Riad Maison Bleue
What's so special?
If you want the beauty of an ancient riad combined with the perks of a larger hotel, check in to the Riad Maison Bleue. This is made of three houses fused into one to create a beautiful 18-suite hotel with facilities including a spa, pool and traditional hammam steam rooms.
How they rate it
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The Riad "is a conflation of three old houses haphazardly connected with central courtyards, dark spaces, precipitous tiled staircases and a roof terrace which, in full acknowledgement of the implied symbolism, places you between the noisy ring-road and the dark, smelly, traffic-free souk", says Stephen Bayley in The Independent. You can choose between two different room styles: "go all-out with gold and drapes, or go for a monochrome, urban-style room with crisp white bedding", says Laura Goodman in The Sunday Times Travel Magazine. "The bit of both' theme extends into other spaces, too. The terrace is breezy and European, with white cubist seats and cocktails, but the traditional hammam is a steamy, marble heaven."
The hotel restaurant is located in the central courtyard and serves traditional Moroccan cuisine, including slow-cooked beef or chicken tagines with couscous.
Double rooms from £147, bed and breakfast (00 212 535 741839, www.maisonbleue.com).
What's so special?
Fez, the second-largest city in Morocco, has just as much to offer as the more obvious tourist destination, Marrakesh. Riad Idrissy offers all the splendour of a Moroccan riad at a far lower price than you'll find in Marrakesh.
How they rate it
This 400-year-old riad was an "epic preservation project" for its owner, John Twomey, who also owns East London's Ten Bells pub. He hand-picked everything in the hotel and "there's something a bit Shoreditch about it. Definitely the hipster's choice," says Laura Goodman in The Sunday Times Travel Magazine. She advises choosing the Shoowaf Suite, a room that traditionally belonged to the head of the house. Outside lies the Ruined Garden, "a magical space full of crumbling columns, old tiling and loads of terracotta".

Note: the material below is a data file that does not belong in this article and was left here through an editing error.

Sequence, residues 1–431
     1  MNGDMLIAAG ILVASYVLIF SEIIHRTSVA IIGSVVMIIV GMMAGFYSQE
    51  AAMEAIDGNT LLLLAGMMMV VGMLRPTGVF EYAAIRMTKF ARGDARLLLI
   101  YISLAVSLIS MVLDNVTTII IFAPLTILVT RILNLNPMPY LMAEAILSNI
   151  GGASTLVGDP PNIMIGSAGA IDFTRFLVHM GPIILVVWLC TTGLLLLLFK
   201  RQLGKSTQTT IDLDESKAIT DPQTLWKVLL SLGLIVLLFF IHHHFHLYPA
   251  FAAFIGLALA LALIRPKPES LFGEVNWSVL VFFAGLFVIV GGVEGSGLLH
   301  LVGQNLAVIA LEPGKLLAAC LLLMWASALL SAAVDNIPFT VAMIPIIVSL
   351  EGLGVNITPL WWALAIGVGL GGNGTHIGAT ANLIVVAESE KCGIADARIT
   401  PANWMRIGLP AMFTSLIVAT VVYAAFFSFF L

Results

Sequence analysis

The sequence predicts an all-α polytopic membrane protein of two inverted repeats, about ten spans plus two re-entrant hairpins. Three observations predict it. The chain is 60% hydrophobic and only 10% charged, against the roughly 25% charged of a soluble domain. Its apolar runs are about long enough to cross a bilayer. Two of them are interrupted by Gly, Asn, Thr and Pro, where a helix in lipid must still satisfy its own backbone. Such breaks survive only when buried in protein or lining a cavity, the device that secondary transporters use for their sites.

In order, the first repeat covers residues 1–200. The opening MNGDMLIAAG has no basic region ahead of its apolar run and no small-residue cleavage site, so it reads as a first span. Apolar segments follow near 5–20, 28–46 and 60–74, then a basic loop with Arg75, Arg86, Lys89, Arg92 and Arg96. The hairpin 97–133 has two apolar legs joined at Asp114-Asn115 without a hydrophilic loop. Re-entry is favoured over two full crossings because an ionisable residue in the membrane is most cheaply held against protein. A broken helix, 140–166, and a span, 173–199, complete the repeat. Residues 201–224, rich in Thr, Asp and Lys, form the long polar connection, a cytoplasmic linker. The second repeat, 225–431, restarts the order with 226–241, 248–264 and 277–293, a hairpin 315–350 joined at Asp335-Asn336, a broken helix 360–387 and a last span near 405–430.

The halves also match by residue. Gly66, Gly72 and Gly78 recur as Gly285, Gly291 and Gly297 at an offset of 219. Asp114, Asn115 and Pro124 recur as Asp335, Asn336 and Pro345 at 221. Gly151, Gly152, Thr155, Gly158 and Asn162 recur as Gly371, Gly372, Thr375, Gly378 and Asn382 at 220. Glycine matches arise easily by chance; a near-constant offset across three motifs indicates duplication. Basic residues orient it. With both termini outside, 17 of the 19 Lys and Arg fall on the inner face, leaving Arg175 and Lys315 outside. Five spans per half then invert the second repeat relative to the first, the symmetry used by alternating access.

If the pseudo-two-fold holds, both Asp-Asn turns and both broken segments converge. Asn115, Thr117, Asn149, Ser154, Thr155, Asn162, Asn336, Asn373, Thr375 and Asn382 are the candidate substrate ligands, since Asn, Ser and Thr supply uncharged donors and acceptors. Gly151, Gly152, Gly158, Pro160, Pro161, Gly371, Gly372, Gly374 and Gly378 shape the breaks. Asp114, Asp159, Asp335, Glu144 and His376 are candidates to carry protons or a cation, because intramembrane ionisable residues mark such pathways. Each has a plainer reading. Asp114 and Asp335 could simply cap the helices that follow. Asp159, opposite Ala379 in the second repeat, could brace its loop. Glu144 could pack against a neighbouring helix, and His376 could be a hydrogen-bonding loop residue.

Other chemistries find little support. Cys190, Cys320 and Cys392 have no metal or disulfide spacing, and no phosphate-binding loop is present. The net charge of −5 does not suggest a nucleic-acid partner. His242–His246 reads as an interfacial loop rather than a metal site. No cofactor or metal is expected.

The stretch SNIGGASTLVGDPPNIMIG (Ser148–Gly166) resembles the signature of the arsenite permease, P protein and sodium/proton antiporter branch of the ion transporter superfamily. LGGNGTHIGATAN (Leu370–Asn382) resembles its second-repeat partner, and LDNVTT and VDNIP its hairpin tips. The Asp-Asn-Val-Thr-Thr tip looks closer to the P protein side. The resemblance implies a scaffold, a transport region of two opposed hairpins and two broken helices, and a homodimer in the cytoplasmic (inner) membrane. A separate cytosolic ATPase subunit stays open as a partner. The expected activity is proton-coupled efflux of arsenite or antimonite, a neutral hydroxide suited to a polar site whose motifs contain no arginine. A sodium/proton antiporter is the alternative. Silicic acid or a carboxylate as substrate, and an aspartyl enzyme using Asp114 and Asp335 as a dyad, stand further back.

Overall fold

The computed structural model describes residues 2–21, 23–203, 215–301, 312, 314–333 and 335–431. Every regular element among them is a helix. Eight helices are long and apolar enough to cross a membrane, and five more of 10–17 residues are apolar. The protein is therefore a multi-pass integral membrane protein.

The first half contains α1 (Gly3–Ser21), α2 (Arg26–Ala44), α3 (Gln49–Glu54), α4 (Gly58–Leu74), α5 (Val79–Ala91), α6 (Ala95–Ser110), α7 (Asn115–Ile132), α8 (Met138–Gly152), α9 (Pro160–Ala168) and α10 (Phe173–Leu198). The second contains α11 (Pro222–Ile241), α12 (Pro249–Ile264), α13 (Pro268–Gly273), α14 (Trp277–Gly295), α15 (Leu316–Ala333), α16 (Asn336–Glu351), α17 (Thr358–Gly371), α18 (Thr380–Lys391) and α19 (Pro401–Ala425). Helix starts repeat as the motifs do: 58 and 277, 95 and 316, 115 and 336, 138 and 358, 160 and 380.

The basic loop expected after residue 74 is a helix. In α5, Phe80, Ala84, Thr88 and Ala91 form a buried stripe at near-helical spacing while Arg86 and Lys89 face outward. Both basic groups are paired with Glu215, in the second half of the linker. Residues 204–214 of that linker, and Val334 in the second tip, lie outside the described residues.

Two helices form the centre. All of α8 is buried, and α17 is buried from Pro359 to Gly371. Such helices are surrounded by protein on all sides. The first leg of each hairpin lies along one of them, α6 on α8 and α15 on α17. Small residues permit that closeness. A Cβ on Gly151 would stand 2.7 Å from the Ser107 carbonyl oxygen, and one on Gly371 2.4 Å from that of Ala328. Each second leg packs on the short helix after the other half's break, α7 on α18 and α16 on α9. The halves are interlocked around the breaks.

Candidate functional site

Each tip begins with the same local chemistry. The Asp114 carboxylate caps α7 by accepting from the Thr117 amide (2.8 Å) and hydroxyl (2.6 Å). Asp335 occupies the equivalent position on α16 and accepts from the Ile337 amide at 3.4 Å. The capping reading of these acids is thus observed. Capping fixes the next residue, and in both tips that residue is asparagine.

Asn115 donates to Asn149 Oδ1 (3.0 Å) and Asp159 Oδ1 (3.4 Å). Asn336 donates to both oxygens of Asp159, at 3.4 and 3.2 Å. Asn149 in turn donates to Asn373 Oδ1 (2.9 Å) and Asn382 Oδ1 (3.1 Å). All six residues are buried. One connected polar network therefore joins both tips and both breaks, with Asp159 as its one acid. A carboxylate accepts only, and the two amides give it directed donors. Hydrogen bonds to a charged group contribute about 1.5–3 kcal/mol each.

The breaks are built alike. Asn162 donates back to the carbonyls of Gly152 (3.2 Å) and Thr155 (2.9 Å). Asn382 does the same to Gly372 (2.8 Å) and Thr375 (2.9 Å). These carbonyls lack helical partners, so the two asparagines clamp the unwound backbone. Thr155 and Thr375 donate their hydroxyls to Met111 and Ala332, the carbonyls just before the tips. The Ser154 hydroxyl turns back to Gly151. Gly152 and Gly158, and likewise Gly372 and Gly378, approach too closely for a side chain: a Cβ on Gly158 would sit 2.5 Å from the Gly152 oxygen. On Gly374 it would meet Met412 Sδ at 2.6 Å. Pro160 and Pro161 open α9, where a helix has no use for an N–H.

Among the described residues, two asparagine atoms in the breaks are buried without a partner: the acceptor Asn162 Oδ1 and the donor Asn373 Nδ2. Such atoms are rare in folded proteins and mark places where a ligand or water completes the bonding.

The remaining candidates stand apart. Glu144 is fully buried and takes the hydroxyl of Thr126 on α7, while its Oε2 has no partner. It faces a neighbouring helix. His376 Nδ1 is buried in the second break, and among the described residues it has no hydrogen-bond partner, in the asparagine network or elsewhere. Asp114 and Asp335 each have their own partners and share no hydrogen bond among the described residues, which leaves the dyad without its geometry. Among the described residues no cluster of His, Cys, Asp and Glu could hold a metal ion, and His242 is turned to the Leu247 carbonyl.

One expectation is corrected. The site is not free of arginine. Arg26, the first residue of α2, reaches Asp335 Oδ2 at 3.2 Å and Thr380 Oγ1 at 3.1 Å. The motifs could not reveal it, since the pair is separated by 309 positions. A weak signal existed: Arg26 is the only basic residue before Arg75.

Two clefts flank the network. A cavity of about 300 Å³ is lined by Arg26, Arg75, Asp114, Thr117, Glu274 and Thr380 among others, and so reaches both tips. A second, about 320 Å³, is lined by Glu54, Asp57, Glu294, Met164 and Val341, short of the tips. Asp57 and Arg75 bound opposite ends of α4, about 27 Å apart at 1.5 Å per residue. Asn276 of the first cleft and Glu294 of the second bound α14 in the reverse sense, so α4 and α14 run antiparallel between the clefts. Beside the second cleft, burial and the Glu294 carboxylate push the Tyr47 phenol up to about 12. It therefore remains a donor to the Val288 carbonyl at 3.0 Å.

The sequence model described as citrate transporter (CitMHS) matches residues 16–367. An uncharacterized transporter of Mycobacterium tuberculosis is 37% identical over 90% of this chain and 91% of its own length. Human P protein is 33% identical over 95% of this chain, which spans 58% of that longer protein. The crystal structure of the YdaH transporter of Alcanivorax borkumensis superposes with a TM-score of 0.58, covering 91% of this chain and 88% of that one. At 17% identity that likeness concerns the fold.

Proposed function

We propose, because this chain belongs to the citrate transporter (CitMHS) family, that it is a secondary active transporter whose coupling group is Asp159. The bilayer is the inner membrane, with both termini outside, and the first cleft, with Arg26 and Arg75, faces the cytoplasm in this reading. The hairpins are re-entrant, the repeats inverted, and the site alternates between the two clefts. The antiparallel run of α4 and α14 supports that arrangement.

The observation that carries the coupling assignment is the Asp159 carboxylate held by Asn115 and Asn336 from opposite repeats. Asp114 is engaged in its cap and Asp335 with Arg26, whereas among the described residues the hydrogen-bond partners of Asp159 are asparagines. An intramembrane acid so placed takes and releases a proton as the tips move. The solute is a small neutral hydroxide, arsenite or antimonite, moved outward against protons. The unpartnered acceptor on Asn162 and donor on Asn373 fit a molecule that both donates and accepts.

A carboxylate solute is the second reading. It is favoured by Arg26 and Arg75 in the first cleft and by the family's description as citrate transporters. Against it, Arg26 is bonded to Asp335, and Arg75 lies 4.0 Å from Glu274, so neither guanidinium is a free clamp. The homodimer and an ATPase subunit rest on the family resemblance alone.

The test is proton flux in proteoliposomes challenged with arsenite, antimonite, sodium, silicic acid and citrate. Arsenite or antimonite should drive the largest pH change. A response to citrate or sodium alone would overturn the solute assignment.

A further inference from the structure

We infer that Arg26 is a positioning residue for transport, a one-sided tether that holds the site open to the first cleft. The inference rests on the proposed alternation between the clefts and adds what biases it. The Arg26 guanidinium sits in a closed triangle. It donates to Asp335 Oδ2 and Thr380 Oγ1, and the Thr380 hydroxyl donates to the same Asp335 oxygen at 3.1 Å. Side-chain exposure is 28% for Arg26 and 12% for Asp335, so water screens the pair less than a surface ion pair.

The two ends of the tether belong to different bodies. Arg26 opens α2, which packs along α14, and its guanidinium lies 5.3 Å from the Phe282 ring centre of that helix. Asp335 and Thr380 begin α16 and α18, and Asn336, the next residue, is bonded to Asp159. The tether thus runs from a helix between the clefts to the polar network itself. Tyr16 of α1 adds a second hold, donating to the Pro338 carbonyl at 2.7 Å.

At teatime, tables in the Ruined Garden are filled with salted orange cheesecake and stuffed dates, "while night time brings candlelight and mechwi seven-hour spit-roasted lamb marinated in a ras-al-hanout spice mix and olive oil".
Double rooms cost from £74, bed and breakfast (00 212 649 191410, www.riadidrissy.com).
Three spa breaks just a short flight away
The award-winning Hotel Hohenwart in Schenna, Italy, has a traditional Tyrolean sauna and rooftop saltwater pool, says Stylist.co.uk. "Many of the treatments use local ingredients, such as rose and grape, [and the] relaxation rooms Dream View, Alpine Glow and Sound of Silence are spectacular." The spa's signature treatment is called Full Moon': it costs £42 and involves a moonlit massage on the hotel's roof terrace. See Hohenwart.com. If money is of no concern, then the Antara Destination Spa & Resort in Paphos, Cyprus, might be for you. Rates start at around £2,100 per person, per night, but for that you get your own butler, a private chef and one spa treatment per day. The signature treatment is Kati Vasti': for £203, a therapist will help to "remove blocked energies with warm oils, which are poured constantly onto the lower back area". See Antara-spa.com. You'd be hard pushed, says Stylist.co.uk, to find a more glorious setting than Barcel La Bobadilla's spa (pictured). Situated in rural Andaluca in Spain it is "suitably serene with majestic columns, candle lanterns and pot plants scattered here and there. Don't miss the specially designed sensations shower', and the hydro massage bath". The spa's signature treatment makes use of the hotel's home-grown olive oil. The Olive Oil Peel and Aromatic Massage costs from £111, including a night's stay. See Barcelo.com.
Ruth Jackson-Kirby is a freelance personal finance journalist with 17 years’ experience, writing about everything from savings and credit cards to pensions, property and pet insurance.
Ruth started her career at MoneyWeek after graduating with an MA from the University of St Andrews, and she continues to contribute regular articles to our personal finance section. After leaving MoneyWeek she went on to become deputy editor of Moneywise before becoming a freelance journalist.
Ruth writes regularly for national publications including The Sunday Times, The Times, The Mail on Sunday and Good Housekeeping among many other titles both online and offline.
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